No plan for life after Rodgers, poor recruitment… and treating their £95m training ground like a HOLIDAY CAMP! Leicester are sleepwalking towards Premier League relegation two years after winning the FA Cup, so how have they got themselves in this mess?
- Leicester could be relegated by the time they face West Ham on the final day
- Seven years after becoming English champions it marks a huge fall from grace
- Here, Mail Sport examines how the Foxes have found themselves in this mess
The spectacle of James Maddison attempting on Twitter to clarify a post-match interview summed up the sorry state of Leicester City’s season.
After yet another pitiful display and defeat at Fulham, where Leicester lost 5-3 to slip two points adrift of safety with three games remaining, Maddison said – with typical candour – that Leicester had not been ‘hungry enough to want to win the game.’
Few could deny that, and Maddison did not seek to exclude himself from blame. That did not stop the inevitable social media pile-on, though, and instead of stepping away from his phone, the England midfielder went in for another go.
‘What is wrong with social media, say 1 thing in an interview straight after a game and it gets taken way out of context,’ he wrote on Twitter. ‘When I say not hungry enough I mean aggressive and on the front foot in duels, not us wanting to win or realising the importance.’
The problem here is that lacking aggression in duels sounds suspiciously like a side without the stomach for the fight – something Leicester have struggled to find throughout the season.
James Maddison attempting to clarify a post-match interview summed up Leicester’s season
The Foxes are sleepwalking towards Premier League relegation after Monday’s loss at Fulham
Dean Smith’s arrival had an initial impact, with Leicester taking five points from games with Wolves, Leeds and Everton.
But with fixtures against Liverpool and Newcastle to come, that haul looks insufficient and – just seven years after winning the Premier League title – Leicester may already be relegated by the time they take on West Ham on the final day of the campaign.
Here Mail Sport examines how the Foxes – FA Cup winners two years ago – found themselves in this mess.
In early August 2021, as chairman Aiyawatt Srivaddhanaprabha carried the Community Shield around the Wembley pitch after the win over Manchester City, Leicester felt like one of the best-run clubs in Europe. Yet this was the summer that marked the start of the slide.
Leicester committed about £60million on Patson Daka, Boubakary Soumare and Jannik Vestergaard, as well as bringing in Ryan Bertrand on a free transfer. No major player was sold.
Leicester have had no return on that investment and the failure to make a significant sale caused problems the following summer, when then-boss Brendan Rodgers feared the players were tiring of his message but was unable to overhaul his squad due to Leicester’s Financial Fair Play concerns.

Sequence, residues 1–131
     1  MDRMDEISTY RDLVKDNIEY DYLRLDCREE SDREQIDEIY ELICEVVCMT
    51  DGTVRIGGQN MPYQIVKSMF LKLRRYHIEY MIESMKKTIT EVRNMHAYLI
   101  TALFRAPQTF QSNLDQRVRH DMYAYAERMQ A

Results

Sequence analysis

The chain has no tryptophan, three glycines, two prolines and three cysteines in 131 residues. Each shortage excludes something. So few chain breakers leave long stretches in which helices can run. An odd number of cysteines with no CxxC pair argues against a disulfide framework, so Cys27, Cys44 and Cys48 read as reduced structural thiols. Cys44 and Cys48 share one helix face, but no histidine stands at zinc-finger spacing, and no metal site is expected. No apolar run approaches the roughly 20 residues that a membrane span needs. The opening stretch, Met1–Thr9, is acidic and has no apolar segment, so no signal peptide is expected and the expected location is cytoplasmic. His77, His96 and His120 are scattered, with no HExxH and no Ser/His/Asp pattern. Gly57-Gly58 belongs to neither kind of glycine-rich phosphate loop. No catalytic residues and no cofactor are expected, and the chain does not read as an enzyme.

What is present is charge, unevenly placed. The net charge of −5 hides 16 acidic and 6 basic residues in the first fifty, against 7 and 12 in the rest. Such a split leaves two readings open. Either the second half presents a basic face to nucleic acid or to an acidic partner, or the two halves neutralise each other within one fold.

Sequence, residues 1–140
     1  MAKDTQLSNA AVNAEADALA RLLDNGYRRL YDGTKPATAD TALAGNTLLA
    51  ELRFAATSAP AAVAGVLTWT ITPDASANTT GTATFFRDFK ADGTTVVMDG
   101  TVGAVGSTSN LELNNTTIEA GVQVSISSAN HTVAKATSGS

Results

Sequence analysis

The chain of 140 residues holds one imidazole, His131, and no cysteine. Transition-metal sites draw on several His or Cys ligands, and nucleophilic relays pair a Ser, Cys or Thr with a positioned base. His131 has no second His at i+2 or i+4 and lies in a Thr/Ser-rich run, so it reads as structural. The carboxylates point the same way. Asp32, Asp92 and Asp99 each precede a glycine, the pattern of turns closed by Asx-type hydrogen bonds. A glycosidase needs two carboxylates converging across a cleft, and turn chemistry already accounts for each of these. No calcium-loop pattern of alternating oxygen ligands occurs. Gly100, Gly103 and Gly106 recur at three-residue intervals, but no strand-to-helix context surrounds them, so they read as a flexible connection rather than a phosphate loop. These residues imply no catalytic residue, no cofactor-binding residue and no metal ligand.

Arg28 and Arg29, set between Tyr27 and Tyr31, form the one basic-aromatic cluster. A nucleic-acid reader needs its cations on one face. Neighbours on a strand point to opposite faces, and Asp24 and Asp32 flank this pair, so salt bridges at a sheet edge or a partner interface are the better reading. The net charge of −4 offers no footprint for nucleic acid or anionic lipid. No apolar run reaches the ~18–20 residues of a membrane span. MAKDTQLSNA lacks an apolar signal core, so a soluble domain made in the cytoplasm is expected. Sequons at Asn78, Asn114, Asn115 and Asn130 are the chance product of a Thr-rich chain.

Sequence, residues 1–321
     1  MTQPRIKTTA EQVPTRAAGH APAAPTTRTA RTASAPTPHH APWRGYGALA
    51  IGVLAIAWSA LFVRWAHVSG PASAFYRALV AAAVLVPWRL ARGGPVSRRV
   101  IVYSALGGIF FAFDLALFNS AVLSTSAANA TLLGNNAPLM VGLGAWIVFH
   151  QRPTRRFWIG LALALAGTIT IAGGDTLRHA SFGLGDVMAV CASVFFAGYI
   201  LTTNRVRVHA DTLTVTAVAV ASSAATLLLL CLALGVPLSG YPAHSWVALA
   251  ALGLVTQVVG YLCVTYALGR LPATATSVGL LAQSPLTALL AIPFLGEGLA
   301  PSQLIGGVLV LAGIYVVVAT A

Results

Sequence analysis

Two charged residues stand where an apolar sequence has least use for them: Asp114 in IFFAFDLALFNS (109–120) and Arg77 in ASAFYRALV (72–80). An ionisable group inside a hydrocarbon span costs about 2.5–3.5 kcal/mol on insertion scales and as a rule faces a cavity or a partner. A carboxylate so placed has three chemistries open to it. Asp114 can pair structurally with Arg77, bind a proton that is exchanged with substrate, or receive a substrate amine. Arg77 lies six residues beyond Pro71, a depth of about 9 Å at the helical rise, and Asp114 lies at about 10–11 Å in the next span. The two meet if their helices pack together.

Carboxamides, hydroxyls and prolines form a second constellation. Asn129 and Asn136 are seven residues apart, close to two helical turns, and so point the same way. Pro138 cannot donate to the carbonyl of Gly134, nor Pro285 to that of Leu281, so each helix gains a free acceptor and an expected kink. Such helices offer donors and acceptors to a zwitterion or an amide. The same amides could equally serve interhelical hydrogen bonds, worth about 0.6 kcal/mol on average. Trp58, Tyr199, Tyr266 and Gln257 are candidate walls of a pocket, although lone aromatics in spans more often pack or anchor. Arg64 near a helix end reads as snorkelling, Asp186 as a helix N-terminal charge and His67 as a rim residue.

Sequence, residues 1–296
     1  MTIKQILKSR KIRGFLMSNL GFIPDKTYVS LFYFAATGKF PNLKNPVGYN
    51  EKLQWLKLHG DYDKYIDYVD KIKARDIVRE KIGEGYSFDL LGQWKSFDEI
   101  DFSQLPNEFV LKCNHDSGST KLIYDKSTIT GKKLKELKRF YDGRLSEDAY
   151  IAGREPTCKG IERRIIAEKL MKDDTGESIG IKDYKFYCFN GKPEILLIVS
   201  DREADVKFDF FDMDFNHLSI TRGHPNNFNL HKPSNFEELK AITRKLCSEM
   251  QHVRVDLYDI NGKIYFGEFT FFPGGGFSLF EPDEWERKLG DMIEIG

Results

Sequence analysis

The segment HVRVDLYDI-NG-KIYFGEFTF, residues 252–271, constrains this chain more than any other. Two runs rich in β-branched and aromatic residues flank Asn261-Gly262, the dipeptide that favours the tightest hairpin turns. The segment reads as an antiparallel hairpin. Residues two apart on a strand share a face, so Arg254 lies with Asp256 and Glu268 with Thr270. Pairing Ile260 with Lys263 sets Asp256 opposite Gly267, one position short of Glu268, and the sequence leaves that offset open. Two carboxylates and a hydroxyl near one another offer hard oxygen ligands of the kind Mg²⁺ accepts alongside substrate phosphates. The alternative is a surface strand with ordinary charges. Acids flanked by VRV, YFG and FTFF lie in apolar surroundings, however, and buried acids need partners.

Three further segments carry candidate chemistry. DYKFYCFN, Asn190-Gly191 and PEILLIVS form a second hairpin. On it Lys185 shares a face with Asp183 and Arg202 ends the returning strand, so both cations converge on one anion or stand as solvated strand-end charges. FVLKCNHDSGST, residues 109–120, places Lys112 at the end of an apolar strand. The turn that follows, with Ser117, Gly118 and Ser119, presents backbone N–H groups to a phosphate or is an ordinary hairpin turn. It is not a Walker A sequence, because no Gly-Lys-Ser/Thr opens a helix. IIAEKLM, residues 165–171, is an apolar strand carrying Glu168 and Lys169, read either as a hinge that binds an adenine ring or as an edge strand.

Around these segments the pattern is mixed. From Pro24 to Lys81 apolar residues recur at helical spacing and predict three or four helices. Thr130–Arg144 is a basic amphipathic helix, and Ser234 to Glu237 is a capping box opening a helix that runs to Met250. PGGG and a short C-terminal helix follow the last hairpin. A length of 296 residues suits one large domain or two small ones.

Hope for the best while planning for the worst.
By sticking with Rodgers for so long when he had clearly reached the end of the line, Srivaddhanaprabha – known as ‘Khun Top’ – did the former but forgot about the latter.
Brendan Rodgers (left) was not backed in the transfer market and Leicester failed to prepare for life after their FA Cup-winning coach before sacking him
The appointment of Dean Smith on an eight-game deal summed up their fuzzy thinking
When Rodgers sat down with the hierarchy for a pivotal meeting in January 2022, there were two options: change the coach, or change the players.
Aiyawatt Srivaddhanaprabha and the board have made crucial mistakes this season
Support Rodgers’ vision and give the squad the ‘healthy shake-up’ he felt it needed to stay competitive, or try to move forward with the same group but a different leader.
Leicester did neither and even when they did sack Rodgers on April 2, there was no plan for what happened next.
Khun Top and the board hoped coaches Adam Sadler and Mike Stowell could muddle through until the end of the season and when that did not work, they interviewed numerous managers before settling for Smith on an eight-game deal.
It was fuzzy thinking that did not match the severity of the situation.
Some sources have even made the suggestion – strongly disputed by senior figures – that Leicester’s £95million training ground itself, with its hotel-style rooms, swish dining areas and details tailored to meet a player’s every need, had weakened the squad’s hunger.
Rodgers was a stickler for timekeeping but not everyone appeared to feel the same way, with players missing certain appointments and arriving late for others.
‘It’s like a holiday camp,’ lamented one earlier this season.
Leicester will feel the benefits of this superb facility in years to come but at present, it looks like becoming the best training base in the Championship.
There is also a feeling – strongly denied by senior figures at the club – that Leicester players are treating their new £95million training facility ‘like a holiday camp’
Leicester spent £95m on their new training complex – but it could be Championship-bound
‘Sleepwalking towards relegation’ was a phrase directed at Leicester as far back as last autumn but they have still not woken up.
Maddison and Harvey Barnes will both be sold if the Foxes go down but that will not plug all the financial holes created by dropping out of the Premier League and there will have to be severe cuts to the wage bill across the club.
If they somehow survive, Leicester will likely move for Graham Potter, long admired and out of work since leaving Chelsea in April. But Potter would surely not want to work in the second tier, meaning Leicester would either stick with Smith or move for a younger boss like Russell Martin of Swansea.
Yet however the season ends, this campaign has been a lesson in how not to do things. These mistakes must never be repeated.
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